"WHEREAS the Gunpowder belonging to private individuals at Sydney has hitherto been stored in a Magazine belonging to Her Majesty's Imperial Government and under the charge of the Ordnance Storekeeper at Sydney ... And whereas Her Majesty's Government has required that such Gunpowder should be no longer kept in the said Gunpowder Magazine but has consented that a Magazine for the storage of Gunpowder belonging to the Colonial Government and to private individuals in the said Colony should be erected by the Colonial Government on the Island belonging to the Board of Ordnance known as Goat Island in the Harbour of Port Jackson to be under the control of the Governor for the time being of the said Colony but to be in charge of Her Majesty's Ordnance Storekeeper for the time being at Sydney And whereas a Colonial Gunpowder Magazine has been erected accordingly on the said Island at the expense of the Colonial Government And whereas it is expedient that such new Magazine should be established by law as the Magazine for storing Colonial Gunpowder and that proper officers should be appointed appointed for that purpose and that all payments for the storage of Gunpowder therein should be required to be made to the said Colonial Government Be it therefore enacted ..."

An Act to prevent the shipment or delivery of Gunpowder and other explosive materials and of Vitriol or other such Mineral Acids without due notification thereof. 1854

This Act extended controls over the landing of gunpowder and other explosives to all ports in the Colony of New South Wales; it was an offence to do so without prior notification to the Collector of Customs at or nearest the port of landing.

An Act further to amend the Act for better regulating the keeping and carriage of Gunpowder. 1855

This Act amended the 1836 Act by changing the landing place for explosives from Goat Island from the Queen's Wharf to "the Point near Dawes' Battery" consequent on the incorporation of the Queen's Wharf into Circular Quay.

Proposed Gunpowder Consolidation Act of 1866

This Act was not passed, although it was read in the Legislative Assembly on 16 November 1865. It's not known why it wasn't proceeded with.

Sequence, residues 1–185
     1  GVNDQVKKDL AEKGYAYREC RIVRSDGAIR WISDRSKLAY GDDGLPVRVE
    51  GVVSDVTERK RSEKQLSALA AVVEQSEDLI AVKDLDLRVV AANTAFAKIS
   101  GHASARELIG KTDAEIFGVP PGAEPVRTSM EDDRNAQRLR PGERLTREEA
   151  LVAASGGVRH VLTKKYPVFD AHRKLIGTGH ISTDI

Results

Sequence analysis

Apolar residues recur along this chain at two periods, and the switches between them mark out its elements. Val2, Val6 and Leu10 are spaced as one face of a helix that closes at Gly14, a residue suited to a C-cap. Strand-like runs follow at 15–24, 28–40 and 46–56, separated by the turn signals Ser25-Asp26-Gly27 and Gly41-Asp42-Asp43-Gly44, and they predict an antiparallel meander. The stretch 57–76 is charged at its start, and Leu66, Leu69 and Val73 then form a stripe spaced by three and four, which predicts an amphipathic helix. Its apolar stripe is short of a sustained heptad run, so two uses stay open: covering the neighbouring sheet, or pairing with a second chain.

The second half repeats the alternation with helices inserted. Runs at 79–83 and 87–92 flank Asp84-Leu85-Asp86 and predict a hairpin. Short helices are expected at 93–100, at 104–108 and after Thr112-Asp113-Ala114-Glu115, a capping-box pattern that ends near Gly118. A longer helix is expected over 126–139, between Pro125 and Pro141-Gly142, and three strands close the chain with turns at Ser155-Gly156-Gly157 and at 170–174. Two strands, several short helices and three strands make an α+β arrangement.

The trigger for this bill may have been the opening of the Spectacle Island Magazine; the preamble to the bill suggests this:

"Whereas it is expedient to consolidate the law relating to the importation of gunpowder and other explosive substances and whereas gunpowder whether belonging to the Government of New South Wales or to private individuals has hitherto been stored in a magazine on the island known as Goat Island in the harbour of Port Jackson and whereas another gunpowder magazine has been erected on land in the said harbour known as Spectacle Island at the expense of such Government and whereas other gunpowder magazines may hereafter be erected in like manner Be it enacted..."

The Act is notable for not mentioning the Ordnance Storekeeper as in the 1836 Act; it is the Military Storekeeper who is referred to. Otherwise, it extends the 1836 Act but is not radically different from it.

Gunpowder and Explosive Consolidation Act of 1876 (40 Vic No. 1)

This is the first of the Acts discussed on this page to embody relatively modern notions of explosives safety. The Regulations issued under the Act are a comprehensive set of instructions for the operation of an explosives magazine and for the transport of explosives. The Act reverts to the earlier title of Ordnance Storekeeper for the person charged with superintendence of the Magazines.

"WHEREAS divers Acts have been passed from time to time and are now in force in the Colony of New South Wales for regulating the landing storage and subsequent removal of gunpowder from the Magazines established at Goat Island in the Harbour of Port Jackson and elsewhere in the said Colony but the said Acts do not apply to many other dangerous explosive substances some of which have been invented or discovered since the said Acts were passed And whereas all gunpowder imported into the Colony is required by law to be landed at the Colonial Gunpowder Magazine at Goat Island in the Harbour of Port Jackson but there is no enactment expressly requiring the storage of the same in the said magazine And no gunpowder can legally be landed from any magazine in any part of the said harbour other than at the point near Dawes' Battery both of which appointed places are in dangerous proximity to populous neighbourhoods And the said Acts are in other respects defective And it is therefore expedient to make other provisions respecting the importation landing storage and removal of gunpowder and of other explosive substances and otherwise to amend the said Acts Be it therefore enacted ..."

The full text of the Regulations can be read here.

Explosives Act 1902 (96 of 1902)

This Act, which replaced the 1876 Act, was to remain in force only until 1905. In character it looks back to the 19th century rather than forward to the 20th - it was probably for this reason that it was soon superseded by the Explosives Act of 1905, which was to remain the controlling legislation for most of the 20th century.

The Act refers to the defunct office of Ordnance Storekeeper, although this is defined more as a class of persons - it "means the Ordnance Storekeeper or any officer or person appointed for any special duty under this Act so far as such duty is concerned, or any person having the custody of a public magazine."

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Robert Curran